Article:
They can be used to find lost children or pets, stop poachers, help fire fighters find victims, follow fleeing crooks, and even find terrorists. . . so why are drones so controversial? Why are ten states considering legislation to limit the use of drones by law enforcement? We’ve all heard about President Obama’s controversial program of using drones to kill suspected terrorists, even Americans, but did you know that local law enforcement also uses drones?
By the way, what is a drone?
Technically, called unmanned aerial vehicles, drones are small, ultra-light, slow-flying airplanes without human pilots. Think of your next door neighbor’s hobby of flying remote controlled model planes in his back yard. A drone is similar.
Their development goes back several decades, but their military use really took-off during the war in Afghanistan when they were successfully used not only for surveillance missions but also to target and kill Al Qaeda terrorists.
Local law enforcement recognized the surveillance benefits of drones right away and have been using them to get information on a variety of activities. For instance, the Department of Natural Resources can watch for poachers from the sky and catch them in the act of killing animals—all recorded in great images. Drones are equipped with high resolution, digital cameras that can take remarkably clear and detailed photos/video of all of us.
It’s one thing for police to launch these aircraft to find and follow criminals and terrorists—it’s another thing for police to use them for spying into your back yard.
Does this happen? Yes!!
It happens enough that ten states, including my own of Minnesota, have introduced legislation prohibiting law enforcement from using drones for routine surveillance or to gather evidence against U.S. citizens.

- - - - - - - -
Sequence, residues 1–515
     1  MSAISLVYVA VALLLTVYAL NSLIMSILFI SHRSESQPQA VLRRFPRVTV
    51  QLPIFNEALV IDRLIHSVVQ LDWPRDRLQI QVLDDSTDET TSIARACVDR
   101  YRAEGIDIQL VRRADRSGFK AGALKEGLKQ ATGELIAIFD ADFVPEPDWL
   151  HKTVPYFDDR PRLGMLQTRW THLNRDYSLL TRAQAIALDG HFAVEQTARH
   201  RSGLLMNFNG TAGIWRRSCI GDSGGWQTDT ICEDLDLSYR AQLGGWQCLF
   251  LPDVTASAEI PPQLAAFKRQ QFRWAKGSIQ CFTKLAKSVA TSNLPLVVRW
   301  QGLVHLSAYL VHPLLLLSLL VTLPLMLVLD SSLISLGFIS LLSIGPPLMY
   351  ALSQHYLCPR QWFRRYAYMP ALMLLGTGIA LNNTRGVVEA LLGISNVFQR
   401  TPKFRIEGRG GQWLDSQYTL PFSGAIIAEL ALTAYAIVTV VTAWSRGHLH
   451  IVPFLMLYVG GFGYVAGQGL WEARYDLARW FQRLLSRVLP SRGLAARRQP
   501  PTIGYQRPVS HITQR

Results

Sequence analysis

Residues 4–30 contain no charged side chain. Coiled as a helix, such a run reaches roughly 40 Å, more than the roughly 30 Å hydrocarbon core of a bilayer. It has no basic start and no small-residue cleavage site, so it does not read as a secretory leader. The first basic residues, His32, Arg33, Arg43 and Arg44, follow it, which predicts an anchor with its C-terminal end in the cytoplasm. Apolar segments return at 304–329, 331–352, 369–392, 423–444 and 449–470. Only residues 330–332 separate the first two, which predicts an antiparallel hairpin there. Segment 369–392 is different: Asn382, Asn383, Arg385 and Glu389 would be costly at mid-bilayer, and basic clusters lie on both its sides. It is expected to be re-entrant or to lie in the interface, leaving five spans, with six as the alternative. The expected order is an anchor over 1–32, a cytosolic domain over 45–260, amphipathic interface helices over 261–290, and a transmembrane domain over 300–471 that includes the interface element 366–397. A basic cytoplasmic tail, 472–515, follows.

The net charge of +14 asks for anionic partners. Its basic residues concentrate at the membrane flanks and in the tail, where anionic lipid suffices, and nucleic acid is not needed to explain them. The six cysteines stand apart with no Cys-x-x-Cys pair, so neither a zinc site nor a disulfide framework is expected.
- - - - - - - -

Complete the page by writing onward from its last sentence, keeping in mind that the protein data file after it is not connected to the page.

Is there a precedent for this?
Certainly—the 4th Amendment to the Constitution prohibits any “unreasonable searches and seizures” of citizens by law enforcement. Exceptions to this law are when police obtain a search warrant signed by a judge or have a reasonable suspicion that they need to act quickly (don’t have time to get a search warrant) to prevent imminent danger. Otherwise, they are prohibited from searching or even looking over the fence into your back yard in order to spy on us.
The proposed legislation would act in the same way but includes the use of drones to search for or seize evidence (in the form of photos). One other exception is the use of drones to counter the high risk of a terrorist attack.
The intent of the legislation is to keep police from conducting routine surveillance on innocent citizens or groups—let’s say they’re meeting privately to demonstrate or protest something. Proponents argue that the tool (drones) is able to get a “bird’s eye view”—something that humans can’t do—to reveal incriminating activities on the part of dangerous people and that drones also have the huge benefit of not putting the lives of police officers at risk.
Where should we draw the line?